I didn’t know what avocados were until I met my host parents. I mean, I’d kind of heard of them, but had never really been fully acquainted. I definitely didn’t know how or when to eat them—or even if you could eat them at all. I didn’t drink coffee, and had never gone to dim sum, a baseball game, or yoga. I had never even contemplated trying sushi. These things all mildly scared me, in a strange, uncertain kind of way. Needless to say, I didn’t know my way around Boston or Cambridge either—blocks, subways, and sidewalks were all new, and took time getting used to.
Now, when tourists ask me where to get the best pastries in the North End, or where this-or-that street is, I know exactly what to tell them, and can even give directions by the block. I know how to grind coffee beans and cut avocados just so, and have a mini T map imprinted in my mind and a larger map of the world imprinted in my imagination, dusted with far-flung tastes and travel stories my host parents have introduced me to. When I’m homesick, worldsick, and tired of dorm life, I head to my host family’s house and eat Irish dinners and Saudi Arabian dates, and somehow, they all go together. Now, Boston is more mine than Dublin is, and I loll around my host parents’ house on the weekends, completely at home, in my pajamas, a mere acquaintance of the girl who first arrived at Boston Logan and didn’t know them.
Back in Ireland, before going anywhere, I was sent a list of Harvard interviewers who lived there. I was told to contact whichever one I wanted. After looking through the list, I contacted the woman I thought I’d click best with, nerves all a-jitter. She e-mailed back and said she didn’t live in Ireland anymore, but wished me the best of luck with my application. When I got my host-family assignment on the 16th of August 2010, I was matched with her and her husband. In their preference form, they mentioned that they had lived in Ireland, and would be happy to host Irish students; as the only Irish student in my class, and having signed up to participate in the program, we were paired. And it turns out that I, being theirs, am one of the luckiest host students there is.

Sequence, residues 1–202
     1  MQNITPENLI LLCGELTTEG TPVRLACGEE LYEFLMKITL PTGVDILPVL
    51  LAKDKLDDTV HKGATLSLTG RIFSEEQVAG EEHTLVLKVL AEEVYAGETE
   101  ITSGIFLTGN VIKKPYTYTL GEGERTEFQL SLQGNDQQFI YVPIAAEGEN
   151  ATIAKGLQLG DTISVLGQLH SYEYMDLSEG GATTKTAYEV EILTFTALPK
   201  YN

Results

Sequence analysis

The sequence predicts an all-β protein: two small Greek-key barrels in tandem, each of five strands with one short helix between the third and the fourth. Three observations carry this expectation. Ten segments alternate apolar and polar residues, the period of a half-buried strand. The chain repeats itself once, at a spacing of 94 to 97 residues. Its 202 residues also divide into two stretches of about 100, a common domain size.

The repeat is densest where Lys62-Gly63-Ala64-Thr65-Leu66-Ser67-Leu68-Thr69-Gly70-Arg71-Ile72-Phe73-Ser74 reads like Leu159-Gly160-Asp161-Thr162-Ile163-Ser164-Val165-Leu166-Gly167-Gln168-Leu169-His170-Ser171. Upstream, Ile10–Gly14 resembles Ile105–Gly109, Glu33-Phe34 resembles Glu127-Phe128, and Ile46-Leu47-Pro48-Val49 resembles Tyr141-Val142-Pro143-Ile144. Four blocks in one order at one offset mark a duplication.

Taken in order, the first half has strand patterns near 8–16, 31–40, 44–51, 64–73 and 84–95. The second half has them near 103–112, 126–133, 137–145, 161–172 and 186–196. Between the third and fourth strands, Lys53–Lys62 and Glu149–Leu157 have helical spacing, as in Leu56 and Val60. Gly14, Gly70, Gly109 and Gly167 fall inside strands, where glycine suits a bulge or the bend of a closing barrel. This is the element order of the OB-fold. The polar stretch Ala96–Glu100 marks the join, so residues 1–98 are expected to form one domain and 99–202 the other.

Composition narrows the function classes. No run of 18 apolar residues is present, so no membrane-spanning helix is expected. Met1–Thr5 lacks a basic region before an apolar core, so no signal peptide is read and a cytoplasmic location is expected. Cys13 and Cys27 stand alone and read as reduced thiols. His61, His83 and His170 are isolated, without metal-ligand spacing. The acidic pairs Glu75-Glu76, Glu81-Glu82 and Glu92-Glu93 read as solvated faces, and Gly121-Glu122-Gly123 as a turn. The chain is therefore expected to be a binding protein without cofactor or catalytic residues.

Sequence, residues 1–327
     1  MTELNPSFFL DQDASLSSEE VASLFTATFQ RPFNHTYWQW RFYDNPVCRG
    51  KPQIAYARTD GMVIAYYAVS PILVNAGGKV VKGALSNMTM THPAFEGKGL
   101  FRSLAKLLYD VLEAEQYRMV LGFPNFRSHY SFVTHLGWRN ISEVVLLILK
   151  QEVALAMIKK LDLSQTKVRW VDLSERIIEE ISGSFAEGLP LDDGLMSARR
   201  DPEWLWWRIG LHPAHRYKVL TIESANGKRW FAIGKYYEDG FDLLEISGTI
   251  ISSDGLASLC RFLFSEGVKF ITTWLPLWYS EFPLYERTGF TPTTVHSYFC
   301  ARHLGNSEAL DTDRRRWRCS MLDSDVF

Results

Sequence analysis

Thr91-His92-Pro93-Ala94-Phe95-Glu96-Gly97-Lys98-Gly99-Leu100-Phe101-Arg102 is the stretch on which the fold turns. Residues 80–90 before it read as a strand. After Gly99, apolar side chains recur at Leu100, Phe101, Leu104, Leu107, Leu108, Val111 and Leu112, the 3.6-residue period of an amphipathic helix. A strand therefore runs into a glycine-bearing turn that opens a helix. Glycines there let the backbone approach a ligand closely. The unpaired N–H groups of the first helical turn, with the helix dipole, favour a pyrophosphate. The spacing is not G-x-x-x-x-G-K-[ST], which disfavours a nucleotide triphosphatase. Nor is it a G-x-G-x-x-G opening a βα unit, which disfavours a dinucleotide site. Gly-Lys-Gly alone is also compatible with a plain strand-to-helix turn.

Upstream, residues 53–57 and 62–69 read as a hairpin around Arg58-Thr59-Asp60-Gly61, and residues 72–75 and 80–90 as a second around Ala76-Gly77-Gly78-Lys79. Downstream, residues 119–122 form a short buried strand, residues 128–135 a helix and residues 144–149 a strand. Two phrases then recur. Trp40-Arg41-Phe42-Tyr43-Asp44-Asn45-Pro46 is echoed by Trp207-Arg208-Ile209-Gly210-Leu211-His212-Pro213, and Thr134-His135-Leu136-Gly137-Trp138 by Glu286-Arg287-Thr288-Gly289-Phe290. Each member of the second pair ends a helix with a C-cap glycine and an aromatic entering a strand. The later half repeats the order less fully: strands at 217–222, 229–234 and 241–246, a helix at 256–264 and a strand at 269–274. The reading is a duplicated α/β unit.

The Host Family program starts in freshman year. Matches—from which “informal friendships” are designed to spring—are facilitated between freshmen and alumni and other Harvard affiliates who live around Boston. The Freshman Dean’s Office hosts a few events and does the pairing, and from there, the pairs decide where to go and what to do. These pairings are intended to help ease freshmen into college life, and are most marketed to students from abroad for that reason, although any student can sign up. (At the moment, I’m the only one of my host parents’ host students who is not American—and one of their students is even from Massachusetts.) About 10 percent of the freshman class pairs up, and there are usually more students who sign up than families—so some families have more than one student each year. The host family pairings are like any relationship: some flop, some flail, some falter, and some never even materialize. Mine, however, continues strong, almost three years later and continually counting.